Misty kickin' back...
Life is full of surprises. For example, I’m not sure when Misty began to – um – empty on command -- but what a nifty surprise it was to discover we had this communication going for us. And now, it’s a gift to be sure, on the evenings we visit the Palliative Care Unit, to walk my Therapy Dog to a spot...The Spot – it’s a ways away from the hospital entrance where I say “Go pee, Girlie” and she readily complies. This is one skill not taught in obedience classes. Delaney, now 8 months old and as big as Misty, has yet to surprise me in this way, but I live in hopeful anticipation. My Therapy Dog-in-training has much training yet to do...
We arrived on the floor, Misty’s coat and the pads of her feet sanitized, and with tail wagging she simply wandered in where the Nurses had gathered to take report. Hands reached out to welcome, hug and pat their fellow Team Member, while the reporting proceeded without skipping a beat.
I picked up our list of patients to visit that evening and we set off down the hall. The first room we entered had last week, been occupied by a man who, according to his son, was “always so much better” when Misty visited. Now, however, a very, very sick woman was in this place, but clearly not for long. Misty looked at the wizened figure lying comatose in the bed and pulled me in her direction. Then she raised herself up and placed her front paws on the bed beside the woman. For a long moment Misty observed the woman’s laboured breathing. Misty then eased herself off the bed and turned her attention to the school aged boy who sat with his back to the woman in the bed. His mother sat in another chair wearing her sadness. The boy’s focus was welded to an electronic thingey he manipulated. Misty made her choice. She pulled me in the direction of the boy. With tail wagging everso slightly, Misty put her nose over the gaming device, so the boy had to look at her sweet face.
Would you like to give her some treats?”
The boy mechanically held out his hand, then held one between his thumb and forefinger.
“Try holding it like this,” I piped up, showing him an outstretched hand with fingers held flatly and together where they couldn’t be mistaken for part of the carroty offering.
The boy followed my example. Misty was happy to relieve him of the treat and licked his palm. With that, he recoiled, wiped his hand on his jeans and went back to his game avoiding eye contact with Misty, me and his mother.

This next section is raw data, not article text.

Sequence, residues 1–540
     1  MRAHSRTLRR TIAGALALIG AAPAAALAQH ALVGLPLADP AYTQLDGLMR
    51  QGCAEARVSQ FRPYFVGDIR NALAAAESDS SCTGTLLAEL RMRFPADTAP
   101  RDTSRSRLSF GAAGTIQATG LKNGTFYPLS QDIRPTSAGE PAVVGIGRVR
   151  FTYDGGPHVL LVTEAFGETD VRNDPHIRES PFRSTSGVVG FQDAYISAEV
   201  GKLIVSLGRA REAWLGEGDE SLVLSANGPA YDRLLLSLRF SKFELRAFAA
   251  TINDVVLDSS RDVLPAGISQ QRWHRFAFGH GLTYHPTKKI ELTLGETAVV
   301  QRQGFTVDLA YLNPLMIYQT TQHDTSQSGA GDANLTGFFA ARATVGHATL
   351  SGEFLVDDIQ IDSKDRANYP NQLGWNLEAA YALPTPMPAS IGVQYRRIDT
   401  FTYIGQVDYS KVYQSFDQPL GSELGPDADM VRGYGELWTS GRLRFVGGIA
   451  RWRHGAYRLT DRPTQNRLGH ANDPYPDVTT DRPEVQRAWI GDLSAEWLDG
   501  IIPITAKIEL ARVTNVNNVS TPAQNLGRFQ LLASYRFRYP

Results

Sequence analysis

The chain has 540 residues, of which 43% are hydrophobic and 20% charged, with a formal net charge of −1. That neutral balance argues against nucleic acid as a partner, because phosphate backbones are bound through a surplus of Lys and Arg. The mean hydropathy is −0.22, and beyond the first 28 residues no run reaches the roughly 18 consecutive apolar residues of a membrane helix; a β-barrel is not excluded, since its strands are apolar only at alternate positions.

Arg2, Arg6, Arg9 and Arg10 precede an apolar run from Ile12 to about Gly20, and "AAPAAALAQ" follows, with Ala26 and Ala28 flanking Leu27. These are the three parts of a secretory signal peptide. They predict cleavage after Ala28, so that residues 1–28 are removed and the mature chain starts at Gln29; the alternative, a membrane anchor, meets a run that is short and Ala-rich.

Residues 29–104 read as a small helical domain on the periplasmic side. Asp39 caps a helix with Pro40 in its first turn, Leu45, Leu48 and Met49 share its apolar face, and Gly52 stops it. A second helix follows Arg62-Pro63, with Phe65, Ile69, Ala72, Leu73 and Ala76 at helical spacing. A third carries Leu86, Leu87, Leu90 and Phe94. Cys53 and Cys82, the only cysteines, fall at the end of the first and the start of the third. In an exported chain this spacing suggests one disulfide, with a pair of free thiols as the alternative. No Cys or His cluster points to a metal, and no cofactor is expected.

The boy’s mother mouthed, “Thank you,” to me and Misty and I all but tiptoed back to the hall.
Bette was in bed. Uh-oh. Usually she was in a wheelchair “walking” the wheelchair up and down the hall. I never saw her without a smile on her face, including that night. Ever the gentle clown, Bette would pat her bald head as though brushing back luxurious curls, and tell Misty and I how she had to beat back the paparazzi who never gave her peace.
“Misty, where have you been?” Bette took great care to stroke Misty’s face and ears. “I’ve been waiting and waiting for you to show up! Ooooo and I smell your chicken toothpaste! Mmmmmmmm.”
The adoration was mutual. Misty was generous in her smooches planted up and down Bette’s arms and her face.
“Wait, Misty...” Bette turned her face to make it easier for Misty to cover the other side of her face with kisses. “You forgot this side.”
Smooch. Smooch. Lick. Lick. Yep. The adoration was quite, quite mutual.
On this evening, Bette was in bed with oxygen flowing through a canula into her nostrils. She was very pale. Scary pale. But still up for schtick, as we were to discover.
“Bette, do you feel like having a visit with Misty?”
“Oh yes...” she puffed. “Always... I’ve been waiting.”
I pressed the button to elevate the head of the bed. “How are you tonight?”
“Oh, I’ve just got a cold, dear. Don’t worry about me.”
This was more than a cold, of that, I was certain. I wondered if Bette realized that, as well...
“Misty, Misty, Misty...” Bette stroked Misty’s face and spoke with reedy, breathy voice. “Didn’t your Mummy bring any treats tonight?”
“Of course!” On cue, I passed 4 or 5 little carroty bits into those white-blue hands.
“Here, Girl. One for you...” she placed a treat in Misty’s eager mouth. “ ...And... one for me.” With surprising swiftness, shocking even, Bette flicked a dog treat into her cracked, dry mouth and laughed.
I think my mouth dropped.
A Nurse appeared beside me. “Did... did she...?”
I nodded mutely. Bette did her best to crunch the dessicated treat, but she and Misty were smiling.
We spent a long time with Bette that evening... the longest time we had ever spent visiting her. Bette just kept stroking and patting and loving Misty and Misty stayed half on the bed, the two of them sharing carrot breath and The Joke. When finally Bette was fatigued, she bid Misty and I goodnight.
As we left the room, I turned and waved to Bette, wondering if ever Misty and I would see her again. One week later I learned that we would not see Bette again in This Life.